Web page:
Altan: The Widening Gyre | Album Review - Altan shine in their affection for Appalachia

Wed, Feb 25, 2015, 09:41


The Widening Gyre


Compass Records


Three and a half decades in, and Altan might be forgiven if they were tempted to hit cruise control. Instead, they’ve taken the high road to Nashville, with newcomer Martin Tourish in tow on piano accordion, and in the process they’ve reinvigorated their sound. Máiréad Ní Mhaonaigh’s presence is akin to a centrifugal force from which Altan’s sound emanates, so their choice of album title, The Widening Gyre (a borrowing from WB Yeats’s The Second Coming) is particularly apt. Donegal and Scottish influences still reign supreme, particularly in the band’s tune choices, and here the triangulation of Ciarán Tourish’s fiddle with Mark Kelly’s and Dáithí Sproule’s guitars is the foundation on which the melodies pivot to often sparkling effect. But it’s Altan’s affection for and embrace of American roots and Appalachian bluegrass fiddle and banjo that ignites much of this collection. The beautifully disciplined and complex banjo of Alison Brown, alongside the bluegrass fiddle lines of Darol Anger, skew the band’s sound in gloriously unexpected directions, so that tunes pairings such as Buffalo Gals, Leather Britches and Leslie’s Reel interlock with the intuition and intimacy of long-lost siblings. Bruce Molsky’s vocals and fiddle partner Ní Mhaonaigh’s on No Ash Will Burn, and Tim O’Brien trades vocals and mandolin lines with her on The House Carpenter, the pair sidestepping banjo and bodhrán in a delicious four-step.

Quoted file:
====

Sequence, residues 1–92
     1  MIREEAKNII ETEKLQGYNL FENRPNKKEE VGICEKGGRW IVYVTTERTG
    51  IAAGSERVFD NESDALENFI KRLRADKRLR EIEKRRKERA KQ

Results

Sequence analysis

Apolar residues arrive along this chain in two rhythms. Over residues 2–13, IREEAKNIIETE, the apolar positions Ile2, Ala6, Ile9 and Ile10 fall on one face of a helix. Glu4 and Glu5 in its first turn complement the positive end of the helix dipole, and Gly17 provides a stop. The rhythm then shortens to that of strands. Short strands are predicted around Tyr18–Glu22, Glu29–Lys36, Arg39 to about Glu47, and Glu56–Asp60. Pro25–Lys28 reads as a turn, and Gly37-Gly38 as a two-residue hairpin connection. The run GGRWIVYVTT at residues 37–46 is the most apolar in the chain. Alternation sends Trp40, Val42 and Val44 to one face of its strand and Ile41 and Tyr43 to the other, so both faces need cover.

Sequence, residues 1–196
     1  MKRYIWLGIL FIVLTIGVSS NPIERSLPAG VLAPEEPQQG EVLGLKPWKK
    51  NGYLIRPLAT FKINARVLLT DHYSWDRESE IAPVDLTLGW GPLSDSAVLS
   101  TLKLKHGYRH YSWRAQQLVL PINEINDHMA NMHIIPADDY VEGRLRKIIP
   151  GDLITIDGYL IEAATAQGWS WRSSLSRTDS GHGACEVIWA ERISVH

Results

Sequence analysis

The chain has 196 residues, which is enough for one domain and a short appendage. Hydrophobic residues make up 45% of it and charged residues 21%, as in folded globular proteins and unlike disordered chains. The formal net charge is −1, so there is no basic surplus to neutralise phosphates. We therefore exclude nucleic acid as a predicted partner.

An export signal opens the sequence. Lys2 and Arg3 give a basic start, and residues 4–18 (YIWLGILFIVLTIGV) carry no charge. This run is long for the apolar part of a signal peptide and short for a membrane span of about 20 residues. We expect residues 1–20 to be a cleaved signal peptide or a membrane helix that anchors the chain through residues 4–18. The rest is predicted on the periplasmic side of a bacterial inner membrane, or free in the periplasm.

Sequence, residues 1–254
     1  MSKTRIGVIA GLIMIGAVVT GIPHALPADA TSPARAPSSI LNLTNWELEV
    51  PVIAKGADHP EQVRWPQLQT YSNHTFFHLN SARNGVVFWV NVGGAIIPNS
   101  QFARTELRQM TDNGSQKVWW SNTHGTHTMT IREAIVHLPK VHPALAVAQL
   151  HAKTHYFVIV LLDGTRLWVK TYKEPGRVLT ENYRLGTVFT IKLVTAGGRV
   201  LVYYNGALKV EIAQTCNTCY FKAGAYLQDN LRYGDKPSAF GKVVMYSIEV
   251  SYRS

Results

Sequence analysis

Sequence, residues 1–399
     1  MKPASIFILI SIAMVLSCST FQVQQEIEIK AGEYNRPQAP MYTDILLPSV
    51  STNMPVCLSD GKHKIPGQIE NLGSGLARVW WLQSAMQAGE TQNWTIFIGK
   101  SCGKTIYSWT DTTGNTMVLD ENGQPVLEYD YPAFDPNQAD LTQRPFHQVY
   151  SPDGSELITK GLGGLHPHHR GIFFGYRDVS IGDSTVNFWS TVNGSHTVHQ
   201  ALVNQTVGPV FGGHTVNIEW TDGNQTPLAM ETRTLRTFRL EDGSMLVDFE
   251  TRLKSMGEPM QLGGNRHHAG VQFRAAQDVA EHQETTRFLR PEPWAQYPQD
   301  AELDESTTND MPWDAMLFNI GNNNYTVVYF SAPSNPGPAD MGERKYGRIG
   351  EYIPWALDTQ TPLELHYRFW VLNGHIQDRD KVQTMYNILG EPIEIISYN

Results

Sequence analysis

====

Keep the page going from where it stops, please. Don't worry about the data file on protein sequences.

What’s most surprising, though, is that despite the all-star cast, at the heart of this recording is ample space for each tune and song to shine. Regrets are few: Eddi Reader’s contribution is limited to a muted backing vocal on Far Beyond Carrickfinn, a song composed in memory of Ní Mhaonaigh’s late father, Francie Mooney. At times, Martin Tourish’s piano accordion flexes its considerable muscle where Altan’s founding member, accordionist Dermot Byrne, would have lent greater subtlety. But the whole is much more than the sum of the parts, and The Widening Gyre is proof that musicians with an appetite for new horizons will never fall foul of the temptation to cleave to the road already travelled.